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Garrett Brown (#110 of 2)

Steadi’s Daddy: An Interview with Steadicam Inventor Garrett Brown

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Steadi’s Daddy: An Interview with Steadicam Inventor Garrett Brown
Steadi’s Daddy: An Interview with Steadicam Inventor Garrett Brown

Author’s Note: Since the Steadicam discussion seems to be flowering into something more than an argument about a piece of equipment, rather than change the subject with a totally different post, I’ll stay the course. What follows is reprint of an article I wrote about the history and aesthetics of the Steadicam, built around an interview with the device’s creator, Garrett Brown. It was originally published in the Winter 2005 issue of Film Festival Reporter magazine, which is edited by my friend Scott Bayer, a journalist and filmmaker.

Garrett Brown might be the most influential filmmaker that the moviegoing public hasn’t heard of. Throughout his long career, the 62-year old Philadelphian has been a mostly behind-the-scenes presence in the industry, working as cinematographer, cameraman, inventor and teacher. Yet his impact has been as profound as that of any auteur, star or studio executive, thanks to his greatest invention: the Steadicam, a combination camera and body harness that merged the improvisational freedom of the handheld shot with the elegance of the dolly, and expanded the frontiers of cinema.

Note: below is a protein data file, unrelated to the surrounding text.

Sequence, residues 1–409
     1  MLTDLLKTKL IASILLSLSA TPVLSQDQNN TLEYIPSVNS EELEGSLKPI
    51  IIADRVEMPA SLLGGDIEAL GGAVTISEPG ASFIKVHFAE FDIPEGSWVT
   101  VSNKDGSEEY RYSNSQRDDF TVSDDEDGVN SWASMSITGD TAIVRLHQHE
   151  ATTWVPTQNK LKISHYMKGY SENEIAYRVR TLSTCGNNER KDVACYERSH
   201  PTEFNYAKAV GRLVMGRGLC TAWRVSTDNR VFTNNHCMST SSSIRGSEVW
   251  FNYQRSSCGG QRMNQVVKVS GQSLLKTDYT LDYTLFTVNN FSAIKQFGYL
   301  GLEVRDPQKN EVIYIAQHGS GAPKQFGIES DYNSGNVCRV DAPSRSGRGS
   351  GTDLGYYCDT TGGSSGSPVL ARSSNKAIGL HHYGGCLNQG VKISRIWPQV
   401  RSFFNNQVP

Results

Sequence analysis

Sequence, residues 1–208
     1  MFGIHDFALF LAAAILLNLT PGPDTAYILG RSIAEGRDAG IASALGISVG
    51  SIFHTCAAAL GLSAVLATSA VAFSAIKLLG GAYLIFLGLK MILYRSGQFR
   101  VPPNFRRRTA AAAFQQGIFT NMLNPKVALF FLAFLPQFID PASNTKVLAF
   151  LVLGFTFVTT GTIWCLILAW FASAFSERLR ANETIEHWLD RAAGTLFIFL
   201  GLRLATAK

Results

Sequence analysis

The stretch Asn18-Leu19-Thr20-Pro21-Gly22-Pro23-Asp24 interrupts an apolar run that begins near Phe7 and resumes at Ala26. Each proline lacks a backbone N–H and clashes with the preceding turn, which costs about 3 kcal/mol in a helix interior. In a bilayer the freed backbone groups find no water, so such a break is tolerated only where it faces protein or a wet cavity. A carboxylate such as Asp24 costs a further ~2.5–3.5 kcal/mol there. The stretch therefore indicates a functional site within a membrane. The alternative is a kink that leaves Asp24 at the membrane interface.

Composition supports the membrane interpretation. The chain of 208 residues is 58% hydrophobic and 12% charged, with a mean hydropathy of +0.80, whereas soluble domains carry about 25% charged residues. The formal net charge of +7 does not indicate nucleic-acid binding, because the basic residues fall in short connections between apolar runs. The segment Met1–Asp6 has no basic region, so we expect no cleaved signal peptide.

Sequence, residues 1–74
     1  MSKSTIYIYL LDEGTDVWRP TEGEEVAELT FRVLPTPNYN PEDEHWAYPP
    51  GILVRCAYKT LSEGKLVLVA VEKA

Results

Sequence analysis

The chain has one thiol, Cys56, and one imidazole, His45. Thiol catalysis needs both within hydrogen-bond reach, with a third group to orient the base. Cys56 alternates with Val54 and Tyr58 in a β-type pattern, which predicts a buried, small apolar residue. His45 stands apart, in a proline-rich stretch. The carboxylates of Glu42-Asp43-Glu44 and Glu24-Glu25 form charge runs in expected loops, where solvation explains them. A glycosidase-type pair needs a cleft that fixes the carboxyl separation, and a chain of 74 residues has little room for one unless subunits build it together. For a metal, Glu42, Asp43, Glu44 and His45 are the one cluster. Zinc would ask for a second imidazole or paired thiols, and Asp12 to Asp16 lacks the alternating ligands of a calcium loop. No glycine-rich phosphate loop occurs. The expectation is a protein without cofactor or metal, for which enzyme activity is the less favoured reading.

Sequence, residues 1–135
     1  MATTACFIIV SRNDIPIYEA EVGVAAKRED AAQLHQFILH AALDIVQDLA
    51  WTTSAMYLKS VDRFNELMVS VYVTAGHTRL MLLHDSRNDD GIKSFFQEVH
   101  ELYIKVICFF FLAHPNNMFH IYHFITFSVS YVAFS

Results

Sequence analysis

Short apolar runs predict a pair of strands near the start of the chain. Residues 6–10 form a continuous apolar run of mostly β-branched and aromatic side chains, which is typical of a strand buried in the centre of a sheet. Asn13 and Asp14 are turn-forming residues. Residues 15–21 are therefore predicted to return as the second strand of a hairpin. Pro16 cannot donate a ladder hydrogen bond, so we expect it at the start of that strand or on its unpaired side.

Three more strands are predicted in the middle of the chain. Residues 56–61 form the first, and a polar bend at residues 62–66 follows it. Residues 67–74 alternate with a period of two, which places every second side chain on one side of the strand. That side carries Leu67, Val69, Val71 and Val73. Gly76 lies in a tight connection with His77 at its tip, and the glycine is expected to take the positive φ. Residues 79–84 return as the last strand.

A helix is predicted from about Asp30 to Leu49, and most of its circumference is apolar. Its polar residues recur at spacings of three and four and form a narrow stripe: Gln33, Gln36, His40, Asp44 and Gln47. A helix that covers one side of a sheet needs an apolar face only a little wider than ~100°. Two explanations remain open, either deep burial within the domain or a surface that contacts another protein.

In the 30 years since the camera made its debut in director Hal Ashby’s Woody Guthrie biography Bound for Glory—in a still-dazzling shot that began atop a high crane, drifted to earth and then wove through a camp full of migrant workers—the Steadicam has become a star player in some of the most visually and dramatically memorable sequences of the past three decades, sequences that advance the narrative while subtly commenting on the meaning and uses of movie language.

From the Short Stack David Mamet on the Steadicam

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From the Short Stack: David Mamet on the Steadicam
From the Short Stack: David Mamet on the Steadicam

Today we launch another semi-regular feature: “From the Short Stack,” which consists of offerings from the three dozen or so film and TV-related books that I never tire of reading.

Today’s short stack selection is David Mamet’s On Directing Film. Originally published in 1991, when Mamet had only three credits as a movie director, it’s a concise, forceful but not totally closed-off work, at once philosophical and technical. Essentially, it’s kind of a notebook by a filmmaker who’s still struggling with a new medium, and who wishes to construct a set of general principles that will help him get out of his own way and make reasonably intelligent, watchable films—films that honor Mamet the screenwriter without necessarily being a slave to him.